It was the middle of a busy work week, and I was overdue for a workout. But I was tired, not feeling my best, battling spring allergies, and doubtful that I’d get much out of any workout.
I nevertheless donned my COVID mask and (begrudgingly) headed down to our apartment building’s gym that evening. We are very lucky to have a Peloton Tread+ in our gym (safety issues notwithstanding), so I decided to do a guided treadmill workout.
I chose a previously recorded workout led by Jess King because I love her free spirit and wanted a counterpoint to my super packed, left brain-dominant day.
During the workout, Jess prompted viewers to do some visualizations. One of the prompts was to visualize what I was running away from (bad experiences of the week, tough moments of the day).
The next prompt was to visualize what I was running toward. I immediately started picturing an idyllic future with a home on rocky seaside cliffs, a perfect job and home life, and not a worry in the world about money or status or anything like that. Have you ever done that? Found yourself wishing for some fantasy?
Well, a sudden and sharp objection popped into my head demanding:
Why are you running to some imagined future instead of running toward your PRESENT?
Boy, was that a heavy aha! moment for me. I often hear great advice like, live in the present and be in the moment. When I hear it, I nod my head and fervently agree. But this was the first time in my life I’d apparently internalized that advice, and I awoke to my deep cognitive dissonance around appreciating my present versus longing for some “better” abstract future.
So I started thinking about what I loved about my present and started running toward it. An amazing life partner, a very cute and bossy senior dog, a funny and resilient family, incredible friends from all walks of life, good health, and…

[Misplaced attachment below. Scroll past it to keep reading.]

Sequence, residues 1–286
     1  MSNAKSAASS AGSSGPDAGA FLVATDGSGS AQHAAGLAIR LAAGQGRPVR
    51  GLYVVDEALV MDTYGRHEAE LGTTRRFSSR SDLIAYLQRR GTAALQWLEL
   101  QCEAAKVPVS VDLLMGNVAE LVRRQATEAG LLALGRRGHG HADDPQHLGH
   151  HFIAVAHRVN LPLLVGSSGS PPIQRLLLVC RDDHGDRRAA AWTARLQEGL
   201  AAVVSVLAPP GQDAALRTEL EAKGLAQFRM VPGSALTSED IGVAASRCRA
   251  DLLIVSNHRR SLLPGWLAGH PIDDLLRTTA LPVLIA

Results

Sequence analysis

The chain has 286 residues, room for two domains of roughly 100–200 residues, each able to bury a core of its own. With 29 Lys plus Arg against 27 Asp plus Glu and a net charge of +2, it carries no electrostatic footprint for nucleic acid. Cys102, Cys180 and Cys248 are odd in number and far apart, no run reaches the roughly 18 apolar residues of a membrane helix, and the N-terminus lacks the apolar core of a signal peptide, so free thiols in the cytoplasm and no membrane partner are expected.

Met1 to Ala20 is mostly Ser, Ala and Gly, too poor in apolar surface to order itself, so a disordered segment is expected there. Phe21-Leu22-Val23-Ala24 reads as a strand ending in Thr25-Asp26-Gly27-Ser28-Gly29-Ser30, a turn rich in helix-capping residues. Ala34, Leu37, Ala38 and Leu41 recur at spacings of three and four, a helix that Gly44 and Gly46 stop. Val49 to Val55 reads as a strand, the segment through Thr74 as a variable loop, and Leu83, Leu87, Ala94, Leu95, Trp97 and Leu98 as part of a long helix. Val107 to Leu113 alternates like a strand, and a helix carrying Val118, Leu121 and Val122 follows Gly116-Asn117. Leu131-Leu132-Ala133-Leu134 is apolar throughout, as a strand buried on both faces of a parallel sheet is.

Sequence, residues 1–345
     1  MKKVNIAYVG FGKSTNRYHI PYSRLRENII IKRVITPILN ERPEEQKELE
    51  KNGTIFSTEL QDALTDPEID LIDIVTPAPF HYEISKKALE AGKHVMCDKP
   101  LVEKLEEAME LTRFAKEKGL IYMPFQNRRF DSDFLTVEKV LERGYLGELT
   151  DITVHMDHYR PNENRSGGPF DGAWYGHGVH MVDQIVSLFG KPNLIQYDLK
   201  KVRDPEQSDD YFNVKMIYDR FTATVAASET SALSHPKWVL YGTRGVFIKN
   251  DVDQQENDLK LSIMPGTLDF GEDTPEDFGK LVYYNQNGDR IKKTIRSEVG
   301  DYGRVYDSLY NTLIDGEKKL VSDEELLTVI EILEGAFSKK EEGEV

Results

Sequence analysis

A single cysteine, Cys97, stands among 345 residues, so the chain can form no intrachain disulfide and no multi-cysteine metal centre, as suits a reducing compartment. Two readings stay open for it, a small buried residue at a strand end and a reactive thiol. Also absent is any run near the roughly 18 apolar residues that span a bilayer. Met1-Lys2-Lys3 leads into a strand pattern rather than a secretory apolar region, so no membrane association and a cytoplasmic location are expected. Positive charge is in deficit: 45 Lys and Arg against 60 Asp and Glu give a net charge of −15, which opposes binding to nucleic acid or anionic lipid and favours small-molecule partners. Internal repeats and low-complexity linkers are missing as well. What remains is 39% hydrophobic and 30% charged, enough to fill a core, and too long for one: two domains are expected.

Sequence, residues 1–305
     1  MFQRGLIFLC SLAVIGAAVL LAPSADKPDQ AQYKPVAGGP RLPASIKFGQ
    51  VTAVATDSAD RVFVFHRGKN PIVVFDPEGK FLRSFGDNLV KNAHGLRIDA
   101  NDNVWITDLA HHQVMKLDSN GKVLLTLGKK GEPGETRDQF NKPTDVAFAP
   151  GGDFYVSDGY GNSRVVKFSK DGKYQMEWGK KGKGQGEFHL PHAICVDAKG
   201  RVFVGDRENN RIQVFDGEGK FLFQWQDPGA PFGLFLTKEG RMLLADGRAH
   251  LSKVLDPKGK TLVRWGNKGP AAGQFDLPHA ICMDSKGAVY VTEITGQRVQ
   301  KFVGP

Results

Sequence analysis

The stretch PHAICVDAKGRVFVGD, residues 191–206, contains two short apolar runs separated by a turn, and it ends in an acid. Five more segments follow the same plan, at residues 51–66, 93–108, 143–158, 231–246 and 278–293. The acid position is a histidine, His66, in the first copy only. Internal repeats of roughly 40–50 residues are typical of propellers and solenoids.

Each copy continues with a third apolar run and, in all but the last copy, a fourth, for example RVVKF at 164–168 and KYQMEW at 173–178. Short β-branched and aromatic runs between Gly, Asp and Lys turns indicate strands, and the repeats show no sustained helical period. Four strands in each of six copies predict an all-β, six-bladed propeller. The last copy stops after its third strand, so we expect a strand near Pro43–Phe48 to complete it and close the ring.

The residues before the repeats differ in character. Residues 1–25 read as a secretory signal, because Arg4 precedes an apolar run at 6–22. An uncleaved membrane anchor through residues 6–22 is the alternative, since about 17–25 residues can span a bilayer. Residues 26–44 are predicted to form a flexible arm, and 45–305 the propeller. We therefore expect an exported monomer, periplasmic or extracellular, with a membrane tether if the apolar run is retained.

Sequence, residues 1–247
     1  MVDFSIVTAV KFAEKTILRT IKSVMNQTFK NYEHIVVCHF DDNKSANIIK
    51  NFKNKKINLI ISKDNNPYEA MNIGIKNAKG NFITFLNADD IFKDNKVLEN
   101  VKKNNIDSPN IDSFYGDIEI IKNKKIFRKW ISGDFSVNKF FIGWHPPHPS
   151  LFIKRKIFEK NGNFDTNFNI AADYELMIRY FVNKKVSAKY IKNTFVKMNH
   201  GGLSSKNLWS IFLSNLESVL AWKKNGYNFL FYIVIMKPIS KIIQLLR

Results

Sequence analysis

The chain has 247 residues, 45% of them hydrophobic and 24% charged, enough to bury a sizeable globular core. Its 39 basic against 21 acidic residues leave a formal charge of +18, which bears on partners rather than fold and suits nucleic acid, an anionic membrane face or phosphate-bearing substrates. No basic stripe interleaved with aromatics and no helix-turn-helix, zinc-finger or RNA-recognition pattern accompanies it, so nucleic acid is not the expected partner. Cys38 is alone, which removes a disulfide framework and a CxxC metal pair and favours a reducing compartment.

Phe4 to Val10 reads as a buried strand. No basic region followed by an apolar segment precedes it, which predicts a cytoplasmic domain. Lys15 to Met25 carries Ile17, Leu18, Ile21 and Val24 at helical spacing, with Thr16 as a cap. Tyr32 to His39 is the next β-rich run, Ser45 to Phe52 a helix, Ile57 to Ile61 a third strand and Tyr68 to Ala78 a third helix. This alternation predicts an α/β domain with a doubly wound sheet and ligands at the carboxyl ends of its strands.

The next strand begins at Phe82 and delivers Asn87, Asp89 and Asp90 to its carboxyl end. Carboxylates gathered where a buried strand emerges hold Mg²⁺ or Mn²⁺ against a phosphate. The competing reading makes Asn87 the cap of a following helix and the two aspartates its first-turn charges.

And suddenly I was on a roll (and running super fast, by the way) and couldn’t stop listing off what I loved about my life today, now, in the present. It totally lit me up (and the endorphins from running certainly helped)!
My life certainly isn’t perfect—nothing ever is—but I have so much to love, and for the first time, I understood this on a visceral level that I’d not previously been able to access. Jess may not have known it, but she activated this experience of intense and transcendent awareness in me.
And I was totally inspired.
So I brought this epiphany and energy to my family, and I shared it with my friends—and now I bring it to you in the hopes it will inspire you to RUN TO YOUR PRESENT.
Originally posted on www.callmemapo.com.
IMPACT. Don’t underestimate the powerful impact you can have on those around you, just by being yourself. (Look what Jess did for me with just a few words via a recorded workout!)
TODAY. Love your present. And if that’s too abstract or too “big” to actualize, start by taking 15-20 seconds to note what you’re grateful for in your life today. Say it out loud or write it down to make the experience more tangible.
ACTION. Even if you don’t think you can give 100% in a workout, just give it your best shot and do what you can. Exercise is good for your body, mind, and soul, and the endorphins help. And a “workout” doesn’t need to be a 2-hour intense iron pumping session; it can mean going for a walk or whatever is right for you. Fitting and true cliches here: Something is better than nothing; don’t let perfect be the enemy of good.
LEARNING. Always be learning. You may find yourself re-learning lessons you thought you’d mastered because you’ve had new experiences, developed or been exposed to new perspectives, or resolved an unconscious blocker (like cognitive dissonance).
OPENNESS. Be open and receptive to inspiration. You never know when it will come or where/who it will come from!